Review: Vida: A Woman for Our Time, published by Penguin (Viking imprint)
Australian women were not the first to win the right to vote in national elections. That world-historic distinction belongs to New Zealanders. But they were the first to win, in 1902, both the right to vote and stand for election to the national parliament.
Three Australian women quickly availed themselves of the opportunity. Nellie Martel and Mary Bentley from New South Wales joined Vida Goldstein from Victoria as candidates in the 1903 federal election.
Little is now known of Martel and Bentley, but Goldstein’s contribution to politics has been commemorated in numerous scholarly studies, theses, essays, book chapters and encyclopedia entries, Janette Bomford’s biography That Dangerous and Persuasive Woman, and a federal electorate named in her honour. But historical memory is fickle and we need still to know more about the political history of women in Australia.
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Enlivened by speculation
A skilled and prize-winning biographer, Jacqueline Kent brings fresh enthusiasm and focus to her quest to understand Vida’s extraordinary political career and its disappointments in her new biography. Goldstein stood five times for election to the federal parliament and suffered five defeats.
Kent’s previous biography was The Making of Julia Gillard and it seems the painful experiences of our first woman Prime Minister – subject to relentless misogyny and sexist attacks – remain fresh in the writer’s mind.
In Kent’s telling, Vida’s story is framed by Gillard’s fate. There are regular references to Gillard’s experiences and the trials of politicians such as Julie Bishop and Sarah Hanson-Young. Thus Vida’s biography becomes a story of continuity, rather than change, with Vida still “a woman for our time”.
Kent’s account is enlivened by speculation. Vida and her activist mother “might very well have attended” the initial meeting of the Victorian Women’s Suffrage Society (VWSS) and “must have known about” the women’s novels then in circulation.
There is also a good amount of authorial displeasure evident. Women speakers had to endure “the tedious jocularity that was de rigueur” for mainstream journalists. The Age newspaper “evidently considered the welfare of women and children to be a trivial matter”.
Some of the most vivid passages in the book sketch the range of forceful personalities in the Melbourne “woman movement” of the late 19th century, who served as Vida’s models and mentors.
Henrietta Dugdale, cofounder of the VWSS was small in stature, but formidable in argument and the author of the radical Utopian novel A Few Hours in a Far-Off Age. Brettena Smyth, “an imposing speaker, being six feet tall and voluminous in figure, with blue shaded spectacles” was also a member of the VWWS, and sold women contraceptives. Annette Bear-Crawford and Constance Stone were cofounders of the Shilling Fund that made possible the Queen Victoria Hospital for Women.
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The larger community of the Australian “woman movement” is largely absent from this account.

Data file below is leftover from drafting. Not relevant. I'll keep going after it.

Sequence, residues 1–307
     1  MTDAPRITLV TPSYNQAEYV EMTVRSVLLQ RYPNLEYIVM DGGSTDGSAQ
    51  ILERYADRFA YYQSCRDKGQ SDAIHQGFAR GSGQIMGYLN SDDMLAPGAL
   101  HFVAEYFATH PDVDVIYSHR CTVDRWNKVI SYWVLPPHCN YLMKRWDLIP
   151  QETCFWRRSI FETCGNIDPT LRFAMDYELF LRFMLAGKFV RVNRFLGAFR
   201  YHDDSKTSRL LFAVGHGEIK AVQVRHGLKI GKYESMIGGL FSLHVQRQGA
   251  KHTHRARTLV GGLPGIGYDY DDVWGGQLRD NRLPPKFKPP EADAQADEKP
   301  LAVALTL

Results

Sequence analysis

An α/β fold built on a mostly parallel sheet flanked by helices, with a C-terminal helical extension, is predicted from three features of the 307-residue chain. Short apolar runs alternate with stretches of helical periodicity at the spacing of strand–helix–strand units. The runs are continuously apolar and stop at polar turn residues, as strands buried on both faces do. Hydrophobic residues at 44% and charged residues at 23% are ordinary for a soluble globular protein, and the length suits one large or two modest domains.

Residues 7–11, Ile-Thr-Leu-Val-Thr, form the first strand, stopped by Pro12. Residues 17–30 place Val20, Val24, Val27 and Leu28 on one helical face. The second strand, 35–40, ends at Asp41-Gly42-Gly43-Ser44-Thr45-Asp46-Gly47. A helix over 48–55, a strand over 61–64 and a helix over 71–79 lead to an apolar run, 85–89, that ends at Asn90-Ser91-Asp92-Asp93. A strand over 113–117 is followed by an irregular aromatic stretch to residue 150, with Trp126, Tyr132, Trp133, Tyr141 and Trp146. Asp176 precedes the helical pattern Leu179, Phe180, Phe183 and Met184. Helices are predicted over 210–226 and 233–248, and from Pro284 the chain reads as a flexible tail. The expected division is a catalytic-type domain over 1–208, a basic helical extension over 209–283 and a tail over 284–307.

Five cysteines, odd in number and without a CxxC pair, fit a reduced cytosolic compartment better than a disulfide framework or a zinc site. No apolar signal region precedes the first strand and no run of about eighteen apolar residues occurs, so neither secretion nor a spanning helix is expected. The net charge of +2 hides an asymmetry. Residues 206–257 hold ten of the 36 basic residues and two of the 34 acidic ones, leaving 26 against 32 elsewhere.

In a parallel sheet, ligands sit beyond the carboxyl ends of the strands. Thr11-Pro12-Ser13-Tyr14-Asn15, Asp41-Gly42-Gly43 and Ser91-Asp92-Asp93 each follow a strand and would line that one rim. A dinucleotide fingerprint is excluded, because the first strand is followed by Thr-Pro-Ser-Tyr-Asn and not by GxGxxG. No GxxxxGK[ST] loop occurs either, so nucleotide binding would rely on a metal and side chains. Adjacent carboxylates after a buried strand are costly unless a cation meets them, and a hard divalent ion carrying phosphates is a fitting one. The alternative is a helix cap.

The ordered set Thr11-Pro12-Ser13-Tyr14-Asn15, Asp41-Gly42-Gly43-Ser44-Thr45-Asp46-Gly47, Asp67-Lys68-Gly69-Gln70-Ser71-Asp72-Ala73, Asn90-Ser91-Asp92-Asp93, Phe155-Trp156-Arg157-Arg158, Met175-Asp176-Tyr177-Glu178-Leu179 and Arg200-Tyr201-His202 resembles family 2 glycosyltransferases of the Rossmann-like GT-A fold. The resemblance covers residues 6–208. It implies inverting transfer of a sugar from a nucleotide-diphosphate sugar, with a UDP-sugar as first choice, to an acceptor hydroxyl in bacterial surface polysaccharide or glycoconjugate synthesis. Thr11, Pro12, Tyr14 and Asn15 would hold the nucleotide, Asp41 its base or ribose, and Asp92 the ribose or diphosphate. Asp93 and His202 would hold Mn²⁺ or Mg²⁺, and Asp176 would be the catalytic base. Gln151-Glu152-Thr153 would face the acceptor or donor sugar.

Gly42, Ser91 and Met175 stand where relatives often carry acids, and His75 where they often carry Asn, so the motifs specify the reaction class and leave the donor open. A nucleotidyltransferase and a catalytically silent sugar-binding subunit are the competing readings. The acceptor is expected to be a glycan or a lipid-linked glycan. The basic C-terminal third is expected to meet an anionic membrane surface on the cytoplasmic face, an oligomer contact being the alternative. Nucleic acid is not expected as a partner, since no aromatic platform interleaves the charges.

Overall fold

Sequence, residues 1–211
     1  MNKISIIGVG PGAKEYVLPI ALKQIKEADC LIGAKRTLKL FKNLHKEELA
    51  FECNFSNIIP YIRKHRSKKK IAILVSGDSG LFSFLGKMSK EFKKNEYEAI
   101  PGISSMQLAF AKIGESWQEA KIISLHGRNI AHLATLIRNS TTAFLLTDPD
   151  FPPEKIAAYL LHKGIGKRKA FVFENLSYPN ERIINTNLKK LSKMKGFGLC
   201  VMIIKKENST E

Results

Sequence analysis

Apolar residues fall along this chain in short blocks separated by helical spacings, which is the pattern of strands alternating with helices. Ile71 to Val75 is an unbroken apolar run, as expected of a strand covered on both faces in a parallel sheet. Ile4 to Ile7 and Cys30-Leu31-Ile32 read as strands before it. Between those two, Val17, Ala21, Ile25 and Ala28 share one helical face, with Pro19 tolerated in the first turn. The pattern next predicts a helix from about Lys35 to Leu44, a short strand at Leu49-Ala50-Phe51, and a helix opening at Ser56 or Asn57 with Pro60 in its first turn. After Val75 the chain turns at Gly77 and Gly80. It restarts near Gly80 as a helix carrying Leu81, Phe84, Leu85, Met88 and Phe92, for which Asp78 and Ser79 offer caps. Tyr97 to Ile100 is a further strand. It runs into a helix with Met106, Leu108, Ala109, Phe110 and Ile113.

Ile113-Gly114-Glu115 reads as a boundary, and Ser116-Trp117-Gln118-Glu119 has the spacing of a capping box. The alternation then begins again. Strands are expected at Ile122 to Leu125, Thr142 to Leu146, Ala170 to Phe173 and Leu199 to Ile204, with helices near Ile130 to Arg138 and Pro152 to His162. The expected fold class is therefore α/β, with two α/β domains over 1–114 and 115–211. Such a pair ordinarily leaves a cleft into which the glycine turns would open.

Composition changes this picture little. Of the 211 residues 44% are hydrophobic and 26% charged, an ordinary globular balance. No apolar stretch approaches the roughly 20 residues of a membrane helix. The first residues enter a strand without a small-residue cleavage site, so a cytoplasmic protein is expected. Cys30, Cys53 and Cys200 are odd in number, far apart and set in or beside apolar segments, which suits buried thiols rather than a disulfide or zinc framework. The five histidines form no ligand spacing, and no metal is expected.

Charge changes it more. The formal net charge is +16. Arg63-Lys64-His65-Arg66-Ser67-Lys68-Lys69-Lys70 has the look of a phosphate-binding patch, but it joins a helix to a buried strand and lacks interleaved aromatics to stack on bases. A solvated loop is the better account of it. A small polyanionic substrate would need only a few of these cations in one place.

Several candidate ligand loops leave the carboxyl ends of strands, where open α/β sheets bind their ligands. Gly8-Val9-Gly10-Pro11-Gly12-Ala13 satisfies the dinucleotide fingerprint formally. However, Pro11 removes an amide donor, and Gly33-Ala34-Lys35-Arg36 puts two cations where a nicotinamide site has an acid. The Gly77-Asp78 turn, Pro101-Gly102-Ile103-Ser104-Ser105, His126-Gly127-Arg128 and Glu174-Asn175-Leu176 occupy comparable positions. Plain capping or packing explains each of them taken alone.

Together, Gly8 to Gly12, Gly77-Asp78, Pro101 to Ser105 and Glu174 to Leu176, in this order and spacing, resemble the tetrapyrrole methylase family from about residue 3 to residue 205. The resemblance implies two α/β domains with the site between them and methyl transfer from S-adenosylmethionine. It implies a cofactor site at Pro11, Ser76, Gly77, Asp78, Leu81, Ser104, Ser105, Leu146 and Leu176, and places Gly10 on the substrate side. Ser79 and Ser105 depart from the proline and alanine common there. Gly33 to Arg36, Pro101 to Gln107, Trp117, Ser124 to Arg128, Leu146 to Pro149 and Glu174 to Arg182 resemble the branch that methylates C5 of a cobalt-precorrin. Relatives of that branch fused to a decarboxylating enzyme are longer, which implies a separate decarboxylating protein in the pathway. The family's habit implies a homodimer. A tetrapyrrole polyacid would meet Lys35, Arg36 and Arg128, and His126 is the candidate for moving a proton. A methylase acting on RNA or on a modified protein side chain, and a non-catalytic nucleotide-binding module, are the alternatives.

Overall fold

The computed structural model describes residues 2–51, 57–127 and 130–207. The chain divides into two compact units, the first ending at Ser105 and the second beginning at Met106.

There are glimpses of Rose Scott and Louisa Lawson in Sydney and Catherine Spence in Adelaide, who could be frosty when confronted by Goldstein’s evident ambition.
In 1902, Goldstein represented “Australasian” women at the First International Woman Suffrage Conference in Washington, DC. Yet Spence, who preceded Goldstein in her informal role as ambassador for Australian women at the World’s Columbian Exposition in Chicago in 1893 and embarked on a lecture tour, offered her successor a long list of contacts and helpful advice.
Scott, Spence, Goldstein and others of their generation were strong advocates of non-party politics for women, convinced they should avoid the male domination of established political parties. Their strong international connections reinforced woman-identified politics. But would enfranchised women vote as a bloc?
While in Boston in 1902, lecturing to a range of women’s groups, Goldstein met a bright young feminist, Maud Wood Park, whom she invited to Australia. When Goldstein hosted Park and her friend Myra Willard in Melbourne in 1909 she introduced them to future Labor Prime Minister Andrew Fisher and a number of Labor women at a tea party at Parliament House.
Elected to government in 1910, in a historic victory assisted by a strong women’s vote, Fisher responded to lobbying from Labor women and introduced the acclaimed Maternity Allowance.
Kent misses the significance of the rise of the labour women’s movement and its part in the 1910 election result.
Vida Goldstein (right) takes part in the great suffragette demonstration in London in 1911.
Geo Rose/National Library of Australia
Questions of class
Class divisions mattered, but Kent tends to read Goldstein’s failure as a symptom of sexism, rather than class affiliation.
In the Epilogue, she observes that in the UK and US, Nancy Astor and Jeanette Rankin were quickly elected to Parliament and Congress. In Australia, Dorothy Tangney and Enid Lyons had to wait until 1943 to win seats in the Senate and House of Representatives. Kent doesn’t note, however, that Astor (Conservative) and Rankin (Republican) were party-endorsed candidates, as were Tangney (Labor) and Lyons (Liberal).
Sadly, Vida Goldstein’s series of electoral defeats as a non-party woman candidate would prove prophetic rather than path-breaking.
Goldstein’s courage and endurance qualify her as a woman for our time. But her political strategy of seeking power as an “independent woman candidate” meant she didn’t succeed then or set the most compelling example for aspiring political women today.
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Authors: Marilyn Lake, Professorial Fellow in History, University of Melbourne